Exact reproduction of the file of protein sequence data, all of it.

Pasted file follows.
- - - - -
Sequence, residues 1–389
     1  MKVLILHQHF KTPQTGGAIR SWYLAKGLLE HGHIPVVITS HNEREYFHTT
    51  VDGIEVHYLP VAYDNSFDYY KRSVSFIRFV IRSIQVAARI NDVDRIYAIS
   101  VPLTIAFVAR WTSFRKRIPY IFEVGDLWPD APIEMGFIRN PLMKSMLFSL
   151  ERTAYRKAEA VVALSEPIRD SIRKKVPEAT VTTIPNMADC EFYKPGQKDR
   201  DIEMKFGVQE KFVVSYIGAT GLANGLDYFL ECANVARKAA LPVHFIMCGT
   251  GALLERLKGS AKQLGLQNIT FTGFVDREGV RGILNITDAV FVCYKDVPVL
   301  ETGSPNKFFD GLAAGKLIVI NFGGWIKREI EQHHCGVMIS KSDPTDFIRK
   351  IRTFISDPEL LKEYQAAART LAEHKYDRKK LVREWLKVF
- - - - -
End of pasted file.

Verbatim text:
Sequence, residues 1–389
     1  MKVLILHQHF KTPQTGGAIR SWYLAKGLLE HGHIPVVITS HNEREYFHTT
    51  VDGIEVHYLP VAYDNSFDYY KRSVSFIRFV IRSIQVAARI NDVDRIYAIS
   101  VPLTIAFVAR WTSFRKRIPY IFEVGDLWPD APIEMGFIRN PLMKSMLFSL
   151  ERTAYRKAEA VVALSEPIRD SIRKKVPEAT VTTIPNMADC EFYKPGQKDR
   201  DIEMKFGVQE KFVVSYIGAT GLANGLDYFL ECANVARKAA LPVHFIMCGT
   251  GALLERLKGS AKQLGLQNIT FTGFVDREGV RGILNITDAV FVCYKDVPVL
   301  ETGSPNKFFD GLAAGKLIVI NFGGWIKREI EQHHCGVMIS KSDPTDFIRK
   351  IRTFISDPEL LKEYQAAART LAEHKYDRKK LVREWLKVF